Saturday, 17 January 2009

Perry Armenian Spearmen Conversions

It is not often these days that I feel the need to get my hacksaw out, especially when dealing with the figures produced by companies such as Perry Miniatures. But when I looked at their Armenians I had the sneaking suspicion they had been added to the range as something of an afterthought. Granted, each figure in each pack of six is equipped or dressed slightly differently, but they are all in the same pose - spear held overarm and somewhat 'level'; the nearest figure on each stand in the following two shot shows this pose.

So out came the hacksaw and several arms were removed at the shoulder, repositioned and super glued into a new position, gently filed, the wound dressed with Araldite, drilled and pinned with Araldite coated wire, and any remaining holes and gaps finished off with Milliput. Some figures only needed the arm bent to a new position, several were also drilled for a second spear to be held in the 'shield hand', and out came the bag of weapons (swords) for an even greater mix. The results can be seen below.

I think the results give a much more 'active' looking unit - something a bit different. All in all I converted half of the 40 figures in an afternoon - and breathed a sigh of relief when they were completed. You never quite know what you'll get when the hacksaw comes out!


Richard Lockwood said...

Hi James
These look very good. I am currently building a 1st crusade army using mainly Perry's so have been watching your project with interest!
Your painting technique is very striking - a high contrast layering. Could you say more about the palettes and colour combinations that you use to get this impressive effect?


Hi Richard,

Only that I use Humbrol enamels on black undercoat. Undercoat, base coat, highlight, 2nd highlight. Other than that, its a matter of knowing how the enamels mix together (which is largely common sense / trial and error) and never trying to be too subtle - go big and bold!

Richard Lockwood said...

Big and bold eh? I shall have to have a go! I'd love to see your Crusades game in the flesh - did I see somewhere in your blog you say you were planning to take it to a show this year?


Yes, Sheffield Triples.

As it happens I'm looking for a couple of volunteers to play the game on either Saturday or Sunday or both (we are going to be a bit short handed this year). It would involve a commitment to the day's play (but we take plenty of breaks to look round the show - go shopping - catch up with people etc.), and we (Ilkley Lads) would field the punters questions etc.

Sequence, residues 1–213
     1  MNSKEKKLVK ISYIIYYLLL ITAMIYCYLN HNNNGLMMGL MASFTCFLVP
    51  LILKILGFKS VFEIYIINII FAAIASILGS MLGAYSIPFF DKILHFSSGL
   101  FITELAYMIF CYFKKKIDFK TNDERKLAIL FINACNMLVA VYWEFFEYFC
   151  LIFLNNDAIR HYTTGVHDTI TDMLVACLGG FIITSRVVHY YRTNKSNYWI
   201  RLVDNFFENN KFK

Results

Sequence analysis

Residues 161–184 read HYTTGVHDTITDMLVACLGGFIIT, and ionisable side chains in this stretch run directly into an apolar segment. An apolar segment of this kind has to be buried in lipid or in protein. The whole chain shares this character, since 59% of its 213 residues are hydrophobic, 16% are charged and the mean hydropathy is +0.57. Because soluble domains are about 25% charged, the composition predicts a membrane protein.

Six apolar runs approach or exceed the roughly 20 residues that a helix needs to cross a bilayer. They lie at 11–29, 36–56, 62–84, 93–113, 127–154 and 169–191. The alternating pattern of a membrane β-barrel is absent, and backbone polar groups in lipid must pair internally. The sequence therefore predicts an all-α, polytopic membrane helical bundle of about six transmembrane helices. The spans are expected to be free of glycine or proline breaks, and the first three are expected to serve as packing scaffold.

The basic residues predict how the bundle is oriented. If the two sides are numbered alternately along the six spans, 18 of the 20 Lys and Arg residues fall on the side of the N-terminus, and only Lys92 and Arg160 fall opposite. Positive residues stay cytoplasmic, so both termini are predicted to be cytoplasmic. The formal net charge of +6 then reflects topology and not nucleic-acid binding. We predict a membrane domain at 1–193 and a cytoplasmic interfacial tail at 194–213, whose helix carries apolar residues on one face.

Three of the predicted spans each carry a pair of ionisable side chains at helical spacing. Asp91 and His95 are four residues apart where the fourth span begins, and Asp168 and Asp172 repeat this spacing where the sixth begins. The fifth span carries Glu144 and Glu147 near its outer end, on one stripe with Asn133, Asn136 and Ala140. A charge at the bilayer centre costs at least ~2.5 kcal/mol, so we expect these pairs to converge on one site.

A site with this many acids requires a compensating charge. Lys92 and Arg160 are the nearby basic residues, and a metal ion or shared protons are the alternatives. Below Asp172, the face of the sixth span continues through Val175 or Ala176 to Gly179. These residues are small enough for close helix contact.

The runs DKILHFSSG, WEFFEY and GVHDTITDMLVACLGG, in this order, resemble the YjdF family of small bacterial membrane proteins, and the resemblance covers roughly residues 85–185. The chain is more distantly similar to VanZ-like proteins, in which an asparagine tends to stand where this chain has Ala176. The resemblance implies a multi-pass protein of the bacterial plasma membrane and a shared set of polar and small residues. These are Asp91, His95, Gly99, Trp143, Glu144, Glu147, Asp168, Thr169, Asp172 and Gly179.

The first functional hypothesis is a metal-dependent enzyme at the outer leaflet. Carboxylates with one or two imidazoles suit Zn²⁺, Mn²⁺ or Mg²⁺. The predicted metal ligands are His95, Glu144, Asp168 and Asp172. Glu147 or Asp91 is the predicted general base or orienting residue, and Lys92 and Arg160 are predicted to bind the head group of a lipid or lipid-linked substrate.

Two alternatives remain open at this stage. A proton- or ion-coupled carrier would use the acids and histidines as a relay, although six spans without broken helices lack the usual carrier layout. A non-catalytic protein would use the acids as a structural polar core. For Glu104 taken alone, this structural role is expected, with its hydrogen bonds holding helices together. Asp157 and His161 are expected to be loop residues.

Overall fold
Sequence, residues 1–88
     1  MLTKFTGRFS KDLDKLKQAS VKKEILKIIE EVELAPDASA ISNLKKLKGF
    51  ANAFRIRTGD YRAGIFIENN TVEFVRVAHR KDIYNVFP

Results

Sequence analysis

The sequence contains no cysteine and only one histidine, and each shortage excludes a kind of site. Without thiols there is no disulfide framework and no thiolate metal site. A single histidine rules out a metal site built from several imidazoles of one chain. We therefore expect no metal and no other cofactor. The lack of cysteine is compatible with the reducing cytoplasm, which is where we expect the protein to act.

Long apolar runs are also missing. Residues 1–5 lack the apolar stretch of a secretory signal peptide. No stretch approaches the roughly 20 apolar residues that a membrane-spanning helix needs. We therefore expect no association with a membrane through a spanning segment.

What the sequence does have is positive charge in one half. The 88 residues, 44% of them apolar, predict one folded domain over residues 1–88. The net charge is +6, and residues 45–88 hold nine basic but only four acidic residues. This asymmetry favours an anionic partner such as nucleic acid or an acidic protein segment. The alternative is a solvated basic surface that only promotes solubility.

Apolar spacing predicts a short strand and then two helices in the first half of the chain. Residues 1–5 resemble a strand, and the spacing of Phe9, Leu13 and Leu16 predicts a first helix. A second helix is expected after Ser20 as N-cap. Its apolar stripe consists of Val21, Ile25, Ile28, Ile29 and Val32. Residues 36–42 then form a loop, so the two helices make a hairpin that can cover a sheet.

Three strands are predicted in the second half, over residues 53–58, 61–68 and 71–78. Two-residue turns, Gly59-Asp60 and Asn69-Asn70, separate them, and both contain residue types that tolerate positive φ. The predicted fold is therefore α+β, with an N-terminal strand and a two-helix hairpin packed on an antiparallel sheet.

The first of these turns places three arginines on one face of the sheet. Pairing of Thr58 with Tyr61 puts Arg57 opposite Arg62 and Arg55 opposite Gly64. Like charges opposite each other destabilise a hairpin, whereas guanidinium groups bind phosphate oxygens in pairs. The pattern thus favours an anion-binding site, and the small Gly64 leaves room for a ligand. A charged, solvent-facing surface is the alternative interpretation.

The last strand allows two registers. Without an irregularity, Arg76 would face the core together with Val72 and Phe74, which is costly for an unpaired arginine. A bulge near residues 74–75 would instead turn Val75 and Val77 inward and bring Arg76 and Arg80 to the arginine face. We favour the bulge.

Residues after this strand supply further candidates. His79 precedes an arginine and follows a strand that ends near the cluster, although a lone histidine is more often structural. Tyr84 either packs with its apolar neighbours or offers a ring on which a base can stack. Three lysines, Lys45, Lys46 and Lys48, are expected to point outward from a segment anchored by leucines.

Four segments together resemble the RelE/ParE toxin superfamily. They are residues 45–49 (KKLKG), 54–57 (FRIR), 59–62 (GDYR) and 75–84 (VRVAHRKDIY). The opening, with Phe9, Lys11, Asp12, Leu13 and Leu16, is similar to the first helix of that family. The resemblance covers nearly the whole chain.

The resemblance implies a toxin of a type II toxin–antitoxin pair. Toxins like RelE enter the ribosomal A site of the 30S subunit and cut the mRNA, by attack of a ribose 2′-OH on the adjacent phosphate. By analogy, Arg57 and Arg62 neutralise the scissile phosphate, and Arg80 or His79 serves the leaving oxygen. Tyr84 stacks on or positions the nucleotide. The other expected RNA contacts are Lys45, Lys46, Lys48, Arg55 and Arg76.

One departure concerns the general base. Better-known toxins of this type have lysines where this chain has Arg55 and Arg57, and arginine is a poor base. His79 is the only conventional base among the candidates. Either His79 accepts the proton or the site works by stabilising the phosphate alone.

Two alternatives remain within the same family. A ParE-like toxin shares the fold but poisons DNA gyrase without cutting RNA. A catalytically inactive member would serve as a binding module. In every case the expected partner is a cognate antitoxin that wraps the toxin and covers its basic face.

Hussar said...

Hi James,

I received a delivery failure notice on all previous attempts at e-mailing this.
Hopefully this works a bit better.

You have asked for feedback on the rules published in Miniature
Wargames. The lack of observable response via the web has been a bit
surprising to me. I managed to (finally) obtain a copy of the magazine
with the pull out section for Ager Sanguinis, and having looked the
rules over, will now offer my comments.

I can sum up pretty simply. A brilliant effort all around! The spirit
of FOB is clearly intact but equally clearly, some "regular Piquet" is
added back where it makes sense to do so.

The rules are great. The figures are brilliantly painted. The terrain
is evocative. Truly what more needs saying. Bravo sir!

On another subject, I wrote you some while ago, about your painting
style and materials selection. You kindly responded, recommending
Humbrol enamels. I have since located a couple web based retailers
that seem to carry the complete range. The problem is , I live in
North East North Dakota, about as far inland, and away from anyplace
else you can get in the USA. The upshot is, I don't have the option of
looking at paint displays and picking my "triads" personally.

Can you assist me by recommending three colors for each of the following?:

A yellow brown

A red brown

A buff color







I suppose a basic selection would allow for mixing the shades and
tones required but as you know, mixing colors really slows down the
whole process.

Back to Ager Sanguinis. Though my finances will simply not allow a
project anywhere near the scope of yours, I'm sorely tempted to put
together something,even if it means using 15mm figs.

Wonderful, inspiring work.

Thank you,



Hi Hussar,

Thank you, sir, for your kind comments about AS.

OK. I use spray acrylic matt black for undercoats

Base enamel colours first.

White 34

Black 33

Red 154 & 60 (60 is the 'brighter') use yellow to lighten, black to darken.